PRAGUE • With Dubrovnik's media- eval promenade choked with floodlights, camera booms and a spaceship parked against a stone pillar, Mr Roger Hamilton and his wife had to dine in a more mundane corner of the 1,400-year-old city.
Walt Disney was filming the eighth instalment of the Star Wars series in the centre of the Croatian port, which has also played King's Landing in five seasons of HBO's Game Of Thrones.
For a week this month, visitors were shunted off the Stradun, the avenue of stone houses, as stagehands lugged blue crates on cobbled walkways and electricians snaked thick cables past outdoor cafes.
"The city looks like a Disneyland stage and it'd be devastating if it becomes just that - a stage," said Mrs Hamilton, after she and her husband, both Britons living in Pennsylvania, gulped down a bland tourist meal in the cramped bistro. "It's been spoiled by the movie shooting. It certainly spoils it for tourists who want to see the city."
As Croatia's most-photographed tourist resort prepares for summer, Mayor Andro Vlahusic is pushing the walled city as a living stage for film and television productions.
Mayor Vlahusic, a former health minister, took over city hall seven years ago. He offered the use of the old town for free to HBO for Game Of Thrones, counting on the tax revenue derived from hospitality. He also extended the same offer to Disney unit Lucasfilm, he said. Both Disney and Lucasfilm did not respond to requests for comment.
The resulting wave of tourism - and tourist-related revenue - should give city officials the cash needed to keep Dubrovnik preserved and let it invest in museums and exhibitions, he said as he walked past tourists gawking at Star Wars props.
"We want to be a living city, not an abandoned town," he said.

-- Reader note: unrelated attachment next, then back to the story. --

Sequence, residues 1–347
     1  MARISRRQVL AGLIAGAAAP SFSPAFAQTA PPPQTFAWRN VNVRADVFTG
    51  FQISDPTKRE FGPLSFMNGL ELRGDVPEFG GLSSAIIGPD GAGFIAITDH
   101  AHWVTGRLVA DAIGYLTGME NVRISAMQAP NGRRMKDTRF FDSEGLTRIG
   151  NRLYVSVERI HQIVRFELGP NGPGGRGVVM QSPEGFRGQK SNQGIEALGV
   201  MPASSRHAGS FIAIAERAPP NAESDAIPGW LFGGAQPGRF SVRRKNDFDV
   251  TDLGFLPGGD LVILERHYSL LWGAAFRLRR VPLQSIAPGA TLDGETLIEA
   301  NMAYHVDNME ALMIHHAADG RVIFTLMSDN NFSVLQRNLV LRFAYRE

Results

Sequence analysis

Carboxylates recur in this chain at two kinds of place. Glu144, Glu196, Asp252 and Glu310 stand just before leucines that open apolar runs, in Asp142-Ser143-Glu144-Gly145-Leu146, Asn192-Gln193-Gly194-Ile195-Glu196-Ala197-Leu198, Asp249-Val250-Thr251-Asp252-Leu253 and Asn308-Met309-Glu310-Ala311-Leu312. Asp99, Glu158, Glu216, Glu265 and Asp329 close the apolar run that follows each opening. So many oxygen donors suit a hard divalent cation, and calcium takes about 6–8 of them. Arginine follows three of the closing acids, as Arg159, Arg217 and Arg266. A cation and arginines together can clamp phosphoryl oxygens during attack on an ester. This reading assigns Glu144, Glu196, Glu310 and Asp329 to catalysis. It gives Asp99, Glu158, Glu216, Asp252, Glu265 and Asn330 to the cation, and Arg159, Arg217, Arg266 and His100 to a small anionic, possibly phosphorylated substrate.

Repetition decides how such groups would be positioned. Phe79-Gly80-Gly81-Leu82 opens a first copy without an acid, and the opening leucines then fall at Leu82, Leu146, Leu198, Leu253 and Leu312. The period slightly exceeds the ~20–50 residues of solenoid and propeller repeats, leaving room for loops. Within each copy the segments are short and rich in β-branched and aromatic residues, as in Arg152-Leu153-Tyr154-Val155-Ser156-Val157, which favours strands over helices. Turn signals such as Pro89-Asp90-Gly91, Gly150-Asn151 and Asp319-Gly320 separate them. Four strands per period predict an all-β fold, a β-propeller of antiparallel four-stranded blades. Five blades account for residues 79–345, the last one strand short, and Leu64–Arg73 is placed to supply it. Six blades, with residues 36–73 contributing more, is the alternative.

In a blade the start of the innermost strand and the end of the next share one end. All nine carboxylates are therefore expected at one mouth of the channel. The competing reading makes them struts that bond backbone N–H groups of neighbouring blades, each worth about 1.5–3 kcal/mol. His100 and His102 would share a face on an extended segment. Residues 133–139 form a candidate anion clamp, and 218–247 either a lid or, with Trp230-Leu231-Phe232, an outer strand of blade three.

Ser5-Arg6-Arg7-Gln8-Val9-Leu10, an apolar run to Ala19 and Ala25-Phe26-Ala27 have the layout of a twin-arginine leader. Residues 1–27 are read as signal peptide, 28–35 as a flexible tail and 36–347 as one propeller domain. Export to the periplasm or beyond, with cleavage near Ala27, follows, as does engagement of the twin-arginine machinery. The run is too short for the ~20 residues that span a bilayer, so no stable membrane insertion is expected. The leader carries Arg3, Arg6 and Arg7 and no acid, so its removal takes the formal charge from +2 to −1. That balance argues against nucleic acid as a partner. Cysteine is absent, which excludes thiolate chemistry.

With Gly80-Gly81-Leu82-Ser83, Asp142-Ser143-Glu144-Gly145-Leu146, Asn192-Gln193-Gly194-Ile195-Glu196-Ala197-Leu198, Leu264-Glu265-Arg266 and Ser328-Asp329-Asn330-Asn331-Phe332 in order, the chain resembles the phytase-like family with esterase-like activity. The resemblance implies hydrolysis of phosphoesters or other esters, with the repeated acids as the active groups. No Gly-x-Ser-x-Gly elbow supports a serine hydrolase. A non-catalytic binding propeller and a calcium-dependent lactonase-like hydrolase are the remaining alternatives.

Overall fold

Some city officials and property experts say the strategy may be working too well. Tourists who come because of the films have to fight for lodging and space, threatening to overrun the infrastructure and the hotel industry.
For Croatia, tourism in cities such as Dubrovnik, which was bombed and under siege during the 1991 war for independence from Yugoslavia, will help stabilise economic growth after a six-year recession that ended last year. The European Union's newest member is betting that western tourists will choose Croatia and its 5,800km of seashore over resorts in the Middle East and northern Africa because of safety concerns.
The city is trying to catch up. Outside the walled-in centre, a new electrical substation is beginning operations and a concession has been awarded to develop a cruiseship port in nearby Gruz.
The Belvedere Hotel, owned by Russian billionaire Viktor Veksel- berg, is slated for reconstruction, as is the abandoned Kupari bay resort. Both are being developed jointly by Russia's Avenue Group and the Ritz-Carlton chain.
But that may be too little, too late for a city sandwiched between tall scrub hills and the rolling Adriatic Sea. Rooms and apartments rented out by locals living within and outside the thick stone walls cannot meet the demand.
Dubrovnik Tourist Organisation official Eta Lovic said the city's hotels and rooms have been fully booked every season for the past few years.
At the same time, development inside the historic centre is hampered by a law forbidding new construction above the old town that can be seen from within the walls.
Any renovations in the Unesco- protected downtown are scrutinised by officials and there is no guarantee of approval.
Resident Gina Pecotic, a pastry chef, has played a peasant and a lady-in-waiting in Game Of Thrones.
"I wish we knew how to use the popularity," she said as she watched Star Wars stagehands push equipment past the central coffee house. "This is a new future."